Architecture Publications

Campus Units

Architecture

Document Type

Article

Publication Version

Published Version

Publication Date

2017

Journal or Book Title

The Avery Review

Volume

25

First Page

1

Last Page

10

Abstract

This is a call for the development of a more robust theoretical position about the gender implications of advanced parametric design and the use of machines to design and fabricate architecture. As digital fabrication has made material the network conditions of cyberfeminism, it is time to revisit the relationships between feminism, architecture, and technology. We propose a framework that relies upon intellectual traditions of feminism and deliberately focuses on developing technologies as a locus of power and influence in architecture. Architecture has been slow to fully acknowledge, incorporate, and integrate women into its practices.3 Within the building profession, digital technology has emerged—and in many ways, is still emerging—as a site of architectural influence: those who control the process of design through technology control architecture. CNC fabrication and robotic construction are cultivating new cultures of digital craft, and in searching for future opportunities, we would do well to recall the long history that links craft and feminine labor. By looking again at the often-neglected contributions of Ada Lovelace and the Jacquard loom to computation and digital fabrication in the nineteenth century or a more recent project such as the Elytra Filament Pavilion, we might see how this digital moment has been framed by feminist craft rather than the more familiar origin stories that surround computation.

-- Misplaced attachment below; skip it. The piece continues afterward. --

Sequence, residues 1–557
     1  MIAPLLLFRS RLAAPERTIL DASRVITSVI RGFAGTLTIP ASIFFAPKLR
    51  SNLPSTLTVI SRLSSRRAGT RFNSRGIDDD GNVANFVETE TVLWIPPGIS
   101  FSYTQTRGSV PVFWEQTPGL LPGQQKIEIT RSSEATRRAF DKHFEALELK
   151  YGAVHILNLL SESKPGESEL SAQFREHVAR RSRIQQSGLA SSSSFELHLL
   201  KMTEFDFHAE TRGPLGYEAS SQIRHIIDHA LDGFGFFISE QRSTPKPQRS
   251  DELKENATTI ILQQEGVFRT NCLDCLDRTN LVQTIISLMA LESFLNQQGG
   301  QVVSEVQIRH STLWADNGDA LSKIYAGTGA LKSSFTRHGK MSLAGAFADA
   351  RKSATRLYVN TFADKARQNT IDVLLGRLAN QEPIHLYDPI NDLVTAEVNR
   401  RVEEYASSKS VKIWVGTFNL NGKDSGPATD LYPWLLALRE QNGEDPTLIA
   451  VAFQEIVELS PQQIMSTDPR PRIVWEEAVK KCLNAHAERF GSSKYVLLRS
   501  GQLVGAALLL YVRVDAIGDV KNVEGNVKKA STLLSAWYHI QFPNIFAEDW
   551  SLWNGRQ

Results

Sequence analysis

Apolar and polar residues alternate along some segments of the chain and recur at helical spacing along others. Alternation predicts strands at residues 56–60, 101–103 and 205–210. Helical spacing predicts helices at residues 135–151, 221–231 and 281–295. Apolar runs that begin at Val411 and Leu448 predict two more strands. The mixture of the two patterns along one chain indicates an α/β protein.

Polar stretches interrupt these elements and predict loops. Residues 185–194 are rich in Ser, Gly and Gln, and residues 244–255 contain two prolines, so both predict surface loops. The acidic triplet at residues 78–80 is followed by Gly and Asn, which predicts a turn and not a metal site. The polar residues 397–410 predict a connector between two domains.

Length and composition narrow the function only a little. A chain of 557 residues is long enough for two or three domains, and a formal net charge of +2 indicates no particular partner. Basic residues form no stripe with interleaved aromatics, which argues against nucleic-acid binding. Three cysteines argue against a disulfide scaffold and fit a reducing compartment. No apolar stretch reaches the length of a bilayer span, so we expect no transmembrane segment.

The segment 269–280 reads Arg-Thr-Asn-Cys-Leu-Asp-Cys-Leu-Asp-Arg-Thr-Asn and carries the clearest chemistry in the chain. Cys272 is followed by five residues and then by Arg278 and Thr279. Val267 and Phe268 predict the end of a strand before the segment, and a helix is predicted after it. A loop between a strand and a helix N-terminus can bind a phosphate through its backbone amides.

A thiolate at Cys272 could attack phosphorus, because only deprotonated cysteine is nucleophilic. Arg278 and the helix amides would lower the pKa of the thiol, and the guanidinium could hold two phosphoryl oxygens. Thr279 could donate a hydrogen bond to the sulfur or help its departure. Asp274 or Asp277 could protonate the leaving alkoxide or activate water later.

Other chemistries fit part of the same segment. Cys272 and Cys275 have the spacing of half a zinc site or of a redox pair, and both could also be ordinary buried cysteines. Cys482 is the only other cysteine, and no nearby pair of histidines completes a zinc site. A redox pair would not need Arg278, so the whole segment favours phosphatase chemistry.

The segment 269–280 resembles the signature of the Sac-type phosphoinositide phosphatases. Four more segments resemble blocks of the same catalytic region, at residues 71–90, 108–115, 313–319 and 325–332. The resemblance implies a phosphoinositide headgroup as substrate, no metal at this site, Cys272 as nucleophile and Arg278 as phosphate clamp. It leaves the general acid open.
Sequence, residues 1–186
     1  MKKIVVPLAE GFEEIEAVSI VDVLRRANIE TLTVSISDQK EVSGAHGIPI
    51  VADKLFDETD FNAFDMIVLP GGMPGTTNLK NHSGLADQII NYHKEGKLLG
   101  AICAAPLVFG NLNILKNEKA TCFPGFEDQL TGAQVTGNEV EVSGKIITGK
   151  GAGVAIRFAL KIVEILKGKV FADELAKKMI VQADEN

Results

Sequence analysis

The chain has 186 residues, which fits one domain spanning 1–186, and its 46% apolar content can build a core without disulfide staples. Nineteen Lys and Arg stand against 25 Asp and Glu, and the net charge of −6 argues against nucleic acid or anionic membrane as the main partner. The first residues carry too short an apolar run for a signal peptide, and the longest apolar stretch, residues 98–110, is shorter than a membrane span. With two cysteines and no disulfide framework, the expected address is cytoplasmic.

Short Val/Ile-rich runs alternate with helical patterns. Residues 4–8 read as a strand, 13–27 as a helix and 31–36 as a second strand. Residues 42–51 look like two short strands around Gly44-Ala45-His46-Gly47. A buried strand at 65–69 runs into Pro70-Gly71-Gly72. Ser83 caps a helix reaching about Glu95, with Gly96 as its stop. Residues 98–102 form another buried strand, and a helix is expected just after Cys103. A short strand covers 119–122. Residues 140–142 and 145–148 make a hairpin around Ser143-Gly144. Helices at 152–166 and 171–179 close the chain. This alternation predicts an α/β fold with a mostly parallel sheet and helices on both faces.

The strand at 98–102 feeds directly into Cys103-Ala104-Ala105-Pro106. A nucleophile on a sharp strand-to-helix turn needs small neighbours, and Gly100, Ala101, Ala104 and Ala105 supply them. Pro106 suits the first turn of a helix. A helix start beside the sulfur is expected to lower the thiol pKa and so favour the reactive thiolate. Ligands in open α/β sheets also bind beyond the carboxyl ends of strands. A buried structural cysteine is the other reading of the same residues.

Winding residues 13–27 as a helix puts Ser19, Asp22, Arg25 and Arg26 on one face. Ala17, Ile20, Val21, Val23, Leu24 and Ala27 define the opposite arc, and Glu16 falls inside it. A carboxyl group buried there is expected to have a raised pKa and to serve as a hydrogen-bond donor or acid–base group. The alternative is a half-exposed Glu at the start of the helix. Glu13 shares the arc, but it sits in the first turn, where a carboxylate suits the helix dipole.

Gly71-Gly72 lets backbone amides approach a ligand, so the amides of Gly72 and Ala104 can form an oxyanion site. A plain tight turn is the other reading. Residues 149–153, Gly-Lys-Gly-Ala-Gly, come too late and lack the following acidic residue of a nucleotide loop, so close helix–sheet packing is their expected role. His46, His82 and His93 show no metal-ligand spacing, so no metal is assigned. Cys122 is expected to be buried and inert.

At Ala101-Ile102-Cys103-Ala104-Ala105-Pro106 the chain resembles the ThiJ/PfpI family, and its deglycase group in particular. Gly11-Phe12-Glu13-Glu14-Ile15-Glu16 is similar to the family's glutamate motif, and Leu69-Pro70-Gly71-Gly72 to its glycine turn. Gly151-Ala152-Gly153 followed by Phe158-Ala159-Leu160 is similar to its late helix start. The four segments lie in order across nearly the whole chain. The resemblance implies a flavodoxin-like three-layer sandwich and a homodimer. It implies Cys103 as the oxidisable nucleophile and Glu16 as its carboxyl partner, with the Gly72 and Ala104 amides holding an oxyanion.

Comments

This article is published as Doyle, Shelby, and Leslie Forehand. “Fabricating Architecture: Digital Craft as Feminist Practice,” Avery Review 25 (2017). Posted with permission.

Copyright Owner

The Authors

Language

en

File Format

application/pdf

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